Audio wise, Dead Or Alive 5 is a mixed bag. The soundtrack is not particularly memorable, but it does help set the tone of the fights. Team Ninja did a good job with casting the English voices. While not great, the English voice actors did a good job bringing their characters to life. Purists will be happy to know that you can switch to the Japanese voice track at anytime. The area in which Dead Or Alive 5 excels in is with the sound effects. Punches and kicks sound like they carry some serious force behind them, and hearing bones break and muscles tear during grabs sounds painful.
The actual fighting is as fluid and fast paced as ever. Anyone who has played Dead Or Alive or even Virtua Fighter before will quickly get used to the three-button layout. Everyone else will have an easy time learning the triangle system that is a staple to the series. For newcomers, strikes beat throws, throws beat holds, and holds beats strikes.
This simple rock-paper-scissors system is easy to grasp, but can take some time to master. Strikes and throws are common place in the fighting world, but Dead Or Alive always stood out due to the holds. Every strike can be countered with a well executed hold, which will keep overly aggressive players honest. If you are the type who only learns 3-4 combo strings for your character, you will not last long in Dead Or Alive 5. That being said, holds have been toned down when compared to past games. The window of opportunity you have is a little tighter, and the damage done has been nerfed.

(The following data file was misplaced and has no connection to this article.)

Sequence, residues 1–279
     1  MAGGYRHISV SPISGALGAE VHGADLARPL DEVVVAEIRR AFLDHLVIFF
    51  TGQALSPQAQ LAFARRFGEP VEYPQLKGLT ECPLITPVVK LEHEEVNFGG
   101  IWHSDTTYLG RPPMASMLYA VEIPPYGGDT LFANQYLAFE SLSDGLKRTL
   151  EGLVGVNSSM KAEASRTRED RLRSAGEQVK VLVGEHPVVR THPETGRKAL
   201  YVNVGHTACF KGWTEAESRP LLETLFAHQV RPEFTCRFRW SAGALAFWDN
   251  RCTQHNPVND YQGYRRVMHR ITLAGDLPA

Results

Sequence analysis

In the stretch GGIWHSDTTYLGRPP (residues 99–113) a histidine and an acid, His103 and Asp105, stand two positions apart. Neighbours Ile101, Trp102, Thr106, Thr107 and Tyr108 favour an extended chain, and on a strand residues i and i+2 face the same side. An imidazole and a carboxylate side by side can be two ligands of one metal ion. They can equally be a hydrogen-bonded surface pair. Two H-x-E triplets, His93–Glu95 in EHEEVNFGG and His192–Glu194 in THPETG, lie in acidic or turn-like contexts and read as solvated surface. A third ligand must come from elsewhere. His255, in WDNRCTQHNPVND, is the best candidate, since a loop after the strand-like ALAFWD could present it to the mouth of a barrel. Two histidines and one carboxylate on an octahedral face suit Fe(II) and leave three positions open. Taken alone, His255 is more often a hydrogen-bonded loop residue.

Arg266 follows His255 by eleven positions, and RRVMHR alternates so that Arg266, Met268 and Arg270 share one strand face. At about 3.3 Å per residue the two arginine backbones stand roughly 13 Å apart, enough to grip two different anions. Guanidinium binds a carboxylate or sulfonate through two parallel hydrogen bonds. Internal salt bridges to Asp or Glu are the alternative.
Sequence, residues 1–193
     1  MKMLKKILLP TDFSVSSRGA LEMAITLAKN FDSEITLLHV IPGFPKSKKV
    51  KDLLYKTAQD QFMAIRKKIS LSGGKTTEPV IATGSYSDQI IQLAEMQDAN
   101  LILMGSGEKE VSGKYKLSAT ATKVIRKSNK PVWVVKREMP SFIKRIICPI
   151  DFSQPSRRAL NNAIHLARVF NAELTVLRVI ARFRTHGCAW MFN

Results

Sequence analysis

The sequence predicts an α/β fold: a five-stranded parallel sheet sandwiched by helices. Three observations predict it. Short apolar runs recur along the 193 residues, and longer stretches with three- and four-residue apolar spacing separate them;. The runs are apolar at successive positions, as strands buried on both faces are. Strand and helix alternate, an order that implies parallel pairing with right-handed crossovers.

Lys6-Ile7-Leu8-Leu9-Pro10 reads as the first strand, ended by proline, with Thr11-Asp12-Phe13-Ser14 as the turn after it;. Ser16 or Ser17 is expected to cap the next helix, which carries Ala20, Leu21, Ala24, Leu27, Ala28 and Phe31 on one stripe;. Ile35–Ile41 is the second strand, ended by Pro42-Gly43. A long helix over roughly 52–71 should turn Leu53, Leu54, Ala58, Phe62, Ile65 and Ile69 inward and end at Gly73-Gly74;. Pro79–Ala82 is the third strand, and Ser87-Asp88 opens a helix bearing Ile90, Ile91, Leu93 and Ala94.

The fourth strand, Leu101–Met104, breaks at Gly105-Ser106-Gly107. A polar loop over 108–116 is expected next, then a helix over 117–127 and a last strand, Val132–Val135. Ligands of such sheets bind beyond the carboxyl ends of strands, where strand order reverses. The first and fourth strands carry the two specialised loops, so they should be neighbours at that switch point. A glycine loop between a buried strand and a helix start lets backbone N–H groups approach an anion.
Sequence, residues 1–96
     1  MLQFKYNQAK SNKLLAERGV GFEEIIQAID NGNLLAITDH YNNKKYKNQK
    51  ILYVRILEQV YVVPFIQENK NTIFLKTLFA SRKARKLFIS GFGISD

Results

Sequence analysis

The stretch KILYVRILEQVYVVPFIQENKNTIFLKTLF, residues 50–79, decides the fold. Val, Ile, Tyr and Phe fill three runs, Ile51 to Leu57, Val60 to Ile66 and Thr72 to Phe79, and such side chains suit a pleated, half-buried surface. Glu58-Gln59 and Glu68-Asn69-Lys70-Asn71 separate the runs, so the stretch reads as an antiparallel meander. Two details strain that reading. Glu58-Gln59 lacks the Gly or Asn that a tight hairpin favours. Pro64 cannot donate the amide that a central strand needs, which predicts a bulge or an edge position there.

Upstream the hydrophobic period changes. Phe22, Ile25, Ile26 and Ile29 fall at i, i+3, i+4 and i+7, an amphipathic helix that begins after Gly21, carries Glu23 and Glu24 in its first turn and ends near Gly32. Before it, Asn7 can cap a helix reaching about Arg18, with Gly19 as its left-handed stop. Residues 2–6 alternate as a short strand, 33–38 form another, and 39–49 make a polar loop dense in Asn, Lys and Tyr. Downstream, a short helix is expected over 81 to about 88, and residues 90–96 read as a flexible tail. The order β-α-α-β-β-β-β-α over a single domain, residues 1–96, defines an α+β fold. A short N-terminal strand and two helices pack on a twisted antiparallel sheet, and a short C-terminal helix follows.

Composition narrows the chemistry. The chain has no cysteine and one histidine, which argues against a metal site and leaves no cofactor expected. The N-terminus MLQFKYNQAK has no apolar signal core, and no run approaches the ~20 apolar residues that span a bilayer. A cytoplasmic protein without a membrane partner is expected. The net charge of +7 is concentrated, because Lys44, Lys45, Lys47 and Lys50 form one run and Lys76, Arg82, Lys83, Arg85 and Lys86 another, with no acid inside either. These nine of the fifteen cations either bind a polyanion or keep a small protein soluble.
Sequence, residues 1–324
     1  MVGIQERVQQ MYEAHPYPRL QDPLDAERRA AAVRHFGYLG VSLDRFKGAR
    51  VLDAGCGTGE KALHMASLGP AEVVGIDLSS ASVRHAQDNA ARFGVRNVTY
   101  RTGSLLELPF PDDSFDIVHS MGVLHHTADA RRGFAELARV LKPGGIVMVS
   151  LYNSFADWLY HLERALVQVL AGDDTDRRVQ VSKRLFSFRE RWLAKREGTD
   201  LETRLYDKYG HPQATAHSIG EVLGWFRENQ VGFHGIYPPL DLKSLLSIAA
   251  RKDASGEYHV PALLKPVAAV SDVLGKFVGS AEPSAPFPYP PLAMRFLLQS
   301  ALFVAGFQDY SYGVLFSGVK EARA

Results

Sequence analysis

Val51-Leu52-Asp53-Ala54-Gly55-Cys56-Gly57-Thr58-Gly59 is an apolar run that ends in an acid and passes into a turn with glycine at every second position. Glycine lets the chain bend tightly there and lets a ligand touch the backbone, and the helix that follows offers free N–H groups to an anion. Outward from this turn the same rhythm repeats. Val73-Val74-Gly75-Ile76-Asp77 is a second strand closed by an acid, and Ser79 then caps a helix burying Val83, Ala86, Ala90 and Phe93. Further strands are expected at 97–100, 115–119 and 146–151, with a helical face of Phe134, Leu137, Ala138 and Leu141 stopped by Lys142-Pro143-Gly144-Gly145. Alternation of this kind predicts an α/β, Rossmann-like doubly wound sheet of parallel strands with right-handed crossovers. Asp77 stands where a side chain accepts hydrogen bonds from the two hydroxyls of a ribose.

Dead Or Alive 5 did add some new things to its core mechanics. The critical burst is an attack that will complete stun the opponent, it will even prevent them from performing holds when being comboed against. Critical bursts can seem a bit over powered, but they have a long start up time and can be avoided. Power blows are also added into the mix. Basically, these are the ultimate moves in Dead Or Alive 5. When your health is under 50%, you can hold the power blow combo (usually back and punch+kick) and if the attack lands you will unleash a flurry of blows on your opponent. On certain stages you can launch your opponent into a danger zone after your attack, inflicting even more damage. Once again, this mechanic is highly situation, and is very easy to punish.
Besides those two new mechanics, Team Ninja was content on refining the rest of the system. Sidestepping, for instance, feels a lot better. However, the gameplay has not evolved much, and that is fine. Team Ninja learned the hard way earlier in the year that if something is not broke, don’t fix it.
Dead Or Alive 5 comes packed with content. There is a fantastic training mode, an arcade (which there are no character endings sadly), time attack, survival, tag team, online, and story mode. The menus are very easy to navigate, but the load times can be a little on the long side. It is recommended that you install it to the hard drive to speed up the times. All-in-all, this game will keep you busy for a very long time.